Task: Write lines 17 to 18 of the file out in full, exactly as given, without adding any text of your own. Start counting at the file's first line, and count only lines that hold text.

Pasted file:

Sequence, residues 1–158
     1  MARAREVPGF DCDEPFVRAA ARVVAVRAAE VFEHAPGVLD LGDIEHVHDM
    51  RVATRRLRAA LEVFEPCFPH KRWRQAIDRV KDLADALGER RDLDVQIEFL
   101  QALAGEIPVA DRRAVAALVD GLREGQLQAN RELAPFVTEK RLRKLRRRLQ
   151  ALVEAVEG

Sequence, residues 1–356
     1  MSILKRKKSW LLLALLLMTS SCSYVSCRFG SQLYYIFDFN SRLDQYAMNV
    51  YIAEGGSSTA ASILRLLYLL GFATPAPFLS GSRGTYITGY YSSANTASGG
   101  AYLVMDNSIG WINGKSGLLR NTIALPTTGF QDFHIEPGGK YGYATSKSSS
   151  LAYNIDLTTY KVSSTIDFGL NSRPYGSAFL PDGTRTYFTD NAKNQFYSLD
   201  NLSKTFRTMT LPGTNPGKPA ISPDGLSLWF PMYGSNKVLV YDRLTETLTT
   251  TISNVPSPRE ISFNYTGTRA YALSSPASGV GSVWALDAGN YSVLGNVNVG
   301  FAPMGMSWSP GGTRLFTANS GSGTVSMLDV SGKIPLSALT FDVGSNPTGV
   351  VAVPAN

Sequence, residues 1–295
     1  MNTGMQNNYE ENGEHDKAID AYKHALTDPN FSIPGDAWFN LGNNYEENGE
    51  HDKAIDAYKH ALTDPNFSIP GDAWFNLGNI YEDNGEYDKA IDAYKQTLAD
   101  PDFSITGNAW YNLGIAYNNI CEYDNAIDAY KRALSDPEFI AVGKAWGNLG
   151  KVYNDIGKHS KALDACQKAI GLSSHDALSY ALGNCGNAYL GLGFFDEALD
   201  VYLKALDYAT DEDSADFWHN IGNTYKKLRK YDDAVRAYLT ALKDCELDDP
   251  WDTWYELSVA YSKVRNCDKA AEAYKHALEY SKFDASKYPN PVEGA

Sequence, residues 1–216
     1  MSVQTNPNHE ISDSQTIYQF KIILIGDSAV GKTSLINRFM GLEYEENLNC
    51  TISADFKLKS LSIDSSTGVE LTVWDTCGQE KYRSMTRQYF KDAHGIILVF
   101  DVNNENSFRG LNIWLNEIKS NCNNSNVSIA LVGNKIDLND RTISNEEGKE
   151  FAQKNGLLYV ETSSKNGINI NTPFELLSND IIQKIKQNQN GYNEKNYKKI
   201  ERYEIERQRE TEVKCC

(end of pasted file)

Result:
    51  HDKAIDAYKH ALTDPNFSIP GDAWFNLGNI YEDNGEYDKA IDAYKQTLAD
   101  PDFSITGNAW YNLGIAYNNI CEYDNAIDAY KRALSDPEFI AVGKAWGNLG